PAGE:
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Government and Politics


Republican Senator pushing for new minority party candidate rules
A Republican State Senator is pushing for new rules that some candidates say would make it harder for them to get on the ballot.
by WKSU's STATEHOUSE BUREAU CHIEF KAREN KASLER


Reporter
Karen Kasler
 
In The Region:
A Republican Senator has proposed new rules for minor party candidates that would take effect for next year’s big statewide elections. But as Statehouse correspondent Karen Kasler reports, one of the parties that would be affected says it’s a strategy to keep its candidates out of next year’s tough elections.
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The bill from Republican Senator Bill Seitz of Cincinnati is aimed dealing with a federal circuit court decision from 2008, striking down Ohio’s current minor party ballot access law. It changes the requirement that minor parties file their petitions for the ballot from 120 days before the primary to 125 days before the general election. Seitz says this law will help minor parties mount better campaigns. 

“Frankly they will have more time because the major party candidates will have been selected some months previously, so they can wait until the major party candidates are selected before they have to file their organizational papers," Seitz said. "The entire new bill is far more generous towards minor parties than was the previous law.”

But the Libertarian Party of Ohio isn’t pleased. Aaron Keith Harris is the Libertarian candidate for Secretary of State. He likes that the law reduces a requirement that a minor party must get 5% of the vote in the most recent major election to 3% to continue to be eligible for the ballot. But that’s about all he likes.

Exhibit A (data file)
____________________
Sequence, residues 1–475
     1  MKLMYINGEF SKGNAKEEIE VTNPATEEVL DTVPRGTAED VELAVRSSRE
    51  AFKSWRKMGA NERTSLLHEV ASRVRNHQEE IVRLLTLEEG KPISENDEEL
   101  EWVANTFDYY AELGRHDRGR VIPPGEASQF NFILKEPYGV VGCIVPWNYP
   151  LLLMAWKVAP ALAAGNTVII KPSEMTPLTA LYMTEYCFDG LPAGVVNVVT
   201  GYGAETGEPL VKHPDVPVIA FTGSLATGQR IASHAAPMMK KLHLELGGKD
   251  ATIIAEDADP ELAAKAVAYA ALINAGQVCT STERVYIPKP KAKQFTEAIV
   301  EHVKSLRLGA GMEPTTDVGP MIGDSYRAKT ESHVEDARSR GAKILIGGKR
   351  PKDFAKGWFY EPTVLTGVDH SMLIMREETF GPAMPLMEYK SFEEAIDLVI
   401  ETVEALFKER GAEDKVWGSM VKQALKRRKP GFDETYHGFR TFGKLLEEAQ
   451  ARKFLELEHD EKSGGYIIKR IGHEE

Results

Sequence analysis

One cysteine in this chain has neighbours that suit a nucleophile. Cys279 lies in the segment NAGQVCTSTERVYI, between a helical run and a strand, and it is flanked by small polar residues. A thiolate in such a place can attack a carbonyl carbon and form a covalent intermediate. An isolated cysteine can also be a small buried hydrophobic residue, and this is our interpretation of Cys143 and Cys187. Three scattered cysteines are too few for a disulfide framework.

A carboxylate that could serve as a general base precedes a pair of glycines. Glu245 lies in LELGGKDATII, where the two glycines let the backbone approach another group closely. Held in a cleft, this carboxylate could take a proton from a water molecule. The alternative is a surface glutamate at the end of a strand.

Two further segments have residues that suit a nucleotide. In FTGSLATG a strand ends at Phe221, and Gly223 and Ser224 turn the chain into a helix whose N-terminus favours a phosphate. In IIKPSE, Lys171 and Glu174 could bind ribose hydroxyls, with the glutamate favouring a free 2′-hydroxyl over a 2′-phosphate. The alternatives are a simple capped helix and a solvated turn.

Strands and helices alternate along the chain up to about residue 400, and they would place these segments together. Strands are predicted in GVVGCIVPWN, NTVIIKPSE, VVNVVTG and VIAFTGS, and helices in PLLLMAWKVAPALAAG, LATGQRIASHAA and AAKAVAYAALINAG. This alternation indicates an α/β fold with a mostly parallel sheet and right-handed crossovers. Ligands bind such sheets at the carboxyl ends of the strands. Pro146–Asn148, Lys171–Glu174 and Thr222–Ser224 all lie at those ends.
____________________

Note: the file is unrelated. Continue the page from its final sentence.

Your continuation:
“But the petitioning requirements, a lot of the nuts and bolts – there are already lots and lots of details that are very difficult to comply with," Harris said. "That’s going to become more complicated. Our legal team is looking at it now, our legal team that’s beat the state three times in federal court.”

And Harris says the proposed law intends to be an obstacle for the Libertarian Party, which he says will siphon off votes from disgruntled Republicans who are angry with the policies of Governor John Kasich. Seitz says he started working on this proposal in 2010, so he says that’s not the case. 

“I mean the only way it court hurt the Libertarian candidate is we now will have a law to enforce," Harris said. "I’m sure they like the current state of the law, which is that there is no law to enforce. But having no law to enforce is not the most ideal situation.”

But Harris says this amounts to the two major parties controlling the process by making unfair rules to keep power from minor parties, at a time when he says voters want other choices. 

“People want an option from this nonsense," Harris said. "Whether they ultimately choose us or not, we’re going do to our best. We have demonstrated that we belong in the ballgame, and the fact that they’re trying to kick us out of the ballgame should tell you all you need to know about this bill.”

The bill appears on a fast track. It was proposed last week, and it will have its first hearing on Wednesday. There are bills that were proposed earlier this year that have yet to be assigned to committees.

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